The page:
Song sprinkles his food with a hiker’s backpack full of interesting fruits, vegetables, herbs, and says his plates are designed to complement bartender and Brooklyn native Michael Lazar’s exciting cocktail list.
One of my favorite dishes at Hog and Rocks:
hay smoked beets with buttermilk avocado
 dressing, on one of Song's hand-thrown plates.

The yellowtail, for example was also dressed with yuzu, jalapeno, radish and wild coastal agretti, a bitter/salty accent that served as a bridge connecting the dish with a super-herbacous Coastal Collins. The ultimate locavore cocktail, the Collins is made with Alameda-based St. George Terroir Gin (distilled with an assortment of botanicals gathered from nearby Mt. Tamalpais), lemon, pickled huckleberries and bay laurel. Song does spicy well, too: his salt and pepper wings, which pack a delightfully punishing lime and pepper-laced wallop, found their cocktail counterpart in Lazar’s version of Carter Beats the Devil, the potent mescal, reposado tequila, lime, agave and chili tincture mixture. 

Highly addictive: Chef Robin Song's spicy fried rice cakes
 and Korean blood sausage. 

Besides the menu’s “hogs” (country pork pate, jamon serrano, prosciutto and the tater tots-with-attitude that Song calls “trotter tots”) and “rocks” (oysters including Kusshi from British Columbia and Church Points from Washington), the chef has been experimenting with a weekly Korean pop-up menu that starts after hours on Thursdays. We sampled an array of pickles that he makes for the pop-up, including napa cabbage, beets, anchovies and turnips, and a delicious plate of spicy fried rice cakes, blood sausage and fermented chili topped with a slow-cooked egg. The glutinous rice for the cakes is made with dashi to add extra depth, and the spicy, sweet, sour, sticky and addictive dish possessed all the attributes of Asian American stoner food.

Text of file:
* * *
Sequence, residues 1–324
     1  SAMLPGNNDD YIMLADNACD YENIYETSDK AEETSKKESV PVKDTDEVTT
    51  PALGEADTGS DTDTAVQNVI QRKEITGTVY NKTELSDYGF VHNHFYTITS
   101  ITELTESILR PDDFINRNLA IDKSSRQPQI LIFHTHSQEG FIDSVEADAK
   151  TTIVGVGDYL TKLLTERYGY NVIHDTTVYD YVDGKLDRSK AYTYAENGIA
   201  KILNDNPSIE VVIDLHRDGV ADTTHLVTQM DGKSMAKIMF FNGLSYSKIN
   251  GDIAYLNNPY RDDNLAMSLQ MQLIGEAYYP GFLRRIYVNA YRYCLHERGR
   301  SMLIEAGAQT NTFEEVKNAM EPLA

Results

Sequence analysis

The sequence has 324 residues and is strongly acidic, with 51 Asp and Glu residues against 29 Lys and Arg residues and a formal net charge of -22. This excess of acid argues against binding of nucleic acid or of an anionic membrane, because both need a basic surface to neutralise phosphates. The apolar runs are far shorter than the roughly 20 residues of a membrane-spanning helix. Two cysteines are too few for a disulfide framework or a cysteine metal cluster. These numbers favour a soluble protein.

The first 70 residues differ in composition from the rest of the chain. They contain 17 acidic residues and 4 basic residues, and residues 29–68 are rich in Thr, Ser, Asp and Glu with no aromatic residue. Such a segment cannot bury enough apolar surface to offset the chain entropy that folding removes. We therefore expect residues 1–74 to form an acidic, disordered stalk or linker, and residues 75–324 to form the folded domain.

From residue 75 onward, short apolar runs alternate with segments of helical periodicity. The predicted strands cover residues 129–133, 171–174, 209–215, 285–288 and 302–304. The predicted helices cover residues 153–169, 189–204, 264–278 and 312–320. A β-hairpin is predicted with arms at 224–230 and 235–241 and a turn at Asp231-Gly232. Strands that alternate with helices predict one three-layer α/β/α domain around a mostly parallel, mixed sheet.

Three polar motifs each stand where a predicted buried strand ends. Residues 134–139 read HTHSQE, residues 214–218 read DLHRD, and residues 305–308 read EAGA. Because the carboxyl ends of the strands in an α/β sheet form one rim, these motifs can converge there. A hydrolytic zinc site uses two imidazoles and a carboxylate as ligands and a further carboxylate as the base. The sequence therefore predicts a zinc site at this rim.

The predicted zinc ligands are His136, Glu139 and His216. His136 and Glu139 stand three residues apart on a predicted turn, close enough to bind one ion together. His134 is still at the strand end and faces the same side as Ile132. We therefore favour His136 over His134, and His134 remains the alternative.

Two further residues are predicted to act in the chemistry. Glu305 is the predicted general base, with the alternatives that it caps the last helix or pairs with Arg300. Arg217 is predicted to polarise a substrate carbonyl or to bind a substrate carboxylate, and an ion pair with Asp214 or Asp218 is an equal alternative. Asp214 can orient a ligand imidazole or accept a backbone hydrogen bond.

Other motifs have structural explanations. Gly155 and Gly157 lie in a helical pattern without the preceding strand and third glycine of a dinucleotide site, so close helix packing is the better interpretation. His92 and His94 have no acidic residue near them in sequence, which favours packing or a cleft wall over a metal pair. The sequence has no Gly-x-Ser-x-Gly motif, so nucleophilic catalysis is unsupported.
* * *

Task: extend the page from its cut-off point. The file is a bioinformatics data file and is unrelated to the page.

A cook who found his path in life after trial runs as a successful drug dealer (until, he says, “I grew a conscience”) and apprentice sound engineer, Song says it was a stint with chef Daniel Patterson’s Plum Bar + Restaurant in Oakland that made him realize he wanted to find a truer expression of himself in food. He also gave up bicycle racing and now throws clay on a pottery wheel instead. Plans are afoot to open a new, two-part Korean establishment: one portion called Junju, an extension of his pop-up serving fast, casual Korean pub fare, and a smaller counter serving Song’s take on Korean barbecue in the form of a tasting menu.  

My one regret: not making it to Thai American chef James Syhabout's Oakland side of the bay, where his mini-empire of restaurants has doubled in size since my last visit. Next time!


Juri Dreams of Bringing Japanese Deliciousness to America

Sake's Turn to Sashay Down the Runway